Confidently addressing the finale of his party's less-than-smooth national convention, the billionaire businessman declared the nation's problems too staggering to be fixed within the confines of traditional politics.
A political novice, he completed the greatest step yet in his improbable rise, accepting the GOP nomination to face Clinton, the former first lady, senator and secretary of state.
WATCH: Donald Trump formally accepts nomination
Trump's address on the closing night of the Republican convention marked his highest-profile opportunity yet to show voters he's prepared for the presidency. He set aside much of his usual bravado.
As the crowd, fiercely opposed to Clinton, broke out in its oft-used chant of, "Lock her up," he waved them off, and instead declared, "Let's defeat her in November."
He offered himself as a powerful ally of those who feel Washington has left them behind.
"I'm with you, and I will fight for you, and I will win for you," he declared. "I have joined the political arena so that the powerful can no longer beat up on people that cannot defend themselves."
He accused Clinton, his far-more-experienced Democratic rival, of utterly lacking the good judgment to serve in the White House and as the military's commander in chief.
"This is the legacy of Hillary Clinton: death, destruction and weakness," he said. "But Hillary Clinton's legacy does not have to be America's legacy."
In a direct appeal to Americans shaken by a summer of violence at home and around the world, Trump promised that if he takes office in January, "safety will be restored."
As Trump moved into the general election campaign, he stuck to the controversial proposals of his primary campaign, including building a wall along the entire U.S.-Mexico border and suspending immigration from nations "compromised by terrorism."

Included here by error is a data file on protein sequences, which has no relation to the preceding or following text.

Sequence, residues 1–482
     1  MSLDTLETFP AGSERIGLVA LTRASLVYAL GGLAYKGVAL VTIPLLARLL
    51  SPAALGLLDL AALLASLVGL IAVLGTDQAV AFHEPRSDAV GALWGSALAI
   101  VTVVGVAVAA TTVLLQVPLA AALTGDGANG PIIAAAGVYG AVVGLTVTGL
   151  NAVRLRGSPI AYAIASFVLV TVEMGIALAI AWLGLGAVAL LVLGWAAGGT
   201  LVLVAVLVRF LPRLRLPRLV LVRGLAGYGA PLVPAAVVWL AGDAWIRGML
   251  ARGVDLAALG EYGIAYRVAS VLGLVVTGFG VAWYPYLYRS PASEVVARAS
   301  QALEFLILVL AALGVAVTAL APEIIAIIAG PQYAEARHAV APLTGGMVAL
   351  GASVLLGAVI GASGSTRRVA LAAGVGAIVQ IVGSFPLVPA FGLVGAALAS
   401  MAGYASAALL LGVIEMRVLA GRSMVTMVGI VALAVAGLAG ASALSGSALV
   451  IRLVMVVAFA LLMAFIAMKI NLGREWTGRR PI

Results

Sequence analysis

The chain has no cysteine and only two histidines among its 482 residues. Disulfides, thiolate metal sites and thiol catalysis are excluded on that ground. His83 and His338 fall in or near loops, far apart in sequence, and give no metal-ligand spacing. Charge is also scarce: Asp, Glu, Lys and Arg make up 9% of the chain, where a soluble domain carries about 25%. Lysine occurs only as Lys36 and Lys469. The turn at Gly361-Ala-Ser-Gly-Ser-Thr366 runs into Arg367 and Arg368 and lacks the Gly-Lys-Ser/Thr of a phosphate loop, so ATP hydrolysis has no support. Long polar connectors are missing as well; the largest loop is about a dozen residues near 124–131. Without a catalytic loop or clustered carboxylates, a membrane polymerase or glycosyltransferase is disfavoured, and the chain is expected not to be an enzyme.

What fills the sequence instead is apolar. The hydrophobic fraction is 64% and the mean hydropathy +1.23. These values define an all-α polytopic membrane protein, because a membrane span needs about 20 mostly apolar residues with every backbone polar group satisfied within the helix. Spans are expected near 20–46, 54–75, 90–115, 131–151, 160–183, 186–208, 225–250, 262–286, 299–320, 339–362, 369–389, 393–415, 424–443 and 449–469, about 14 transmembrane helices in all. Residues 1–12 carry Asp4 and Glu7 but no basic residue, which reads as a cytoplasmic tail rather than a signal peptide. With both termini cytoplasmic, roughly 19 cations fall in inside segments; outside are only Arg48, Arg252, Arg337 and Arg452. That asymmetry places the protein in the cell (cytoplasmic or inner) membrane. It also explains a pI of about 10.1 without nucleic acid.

But in a nod to a broader swath of Americans, he vowed to protect gays and lesbians from violence and oppression, and said he would ensure that young people in predominantly black cities "have as much of a right to live out their dreams as any other child in America."
He was introduced by his daughter Ivanka who announced a childcare policy proposal that the campaign had not mentioned before.
"As president, my father will change the labor laws that were put in place at a time when women weren't a significant portion of the workplace, and he will focus on making quality childcare affordable and accessible for all," she said.
Trump took the stage in Cleveland facing a daunting array of challenges, many of his own making. Though he vanquished 16 primary rivals, he's viewed with unprecedented negativity by the broader electorate, and is struggling in particular with younger voters and minorities, groups GOP leaders know they need for the party to grow.
Trump did not repeat those comments from the convention stage. But he did disavow America's foreign policy posture under both Democrat and Republican presidents, criticizing "fifteen years of wars in the Middle East" and declaring that "Americanism, not globalism, will be our credo."
"As long as we are led by politicians who will not put 'America First,' then we can be assured that other nations will not treat America with respect," he said.
He had promised to describe "major, major" tax cuts. But his economic proposals Thursday night were vague, centering on unspecified plans to create millions of jobs. He promised a "simplified" tax system for the middle class and businesses, fewer regulations and renegotiation of trade deals that he says have put working class Americans at a disadvantage.
"These are the forgotten men and women of our country," he said. "People who work hard but no longer have a voice."
Delegates from Illinois found reason to celebrate.
"I think everything Mr. Trump is saying is resonating with the people of the United States," Anthony Iosco said.
"This has been amazing, this has been history. So glad to be here. So glad to represent my district," said Cynthia Schaffer of Tinley Park.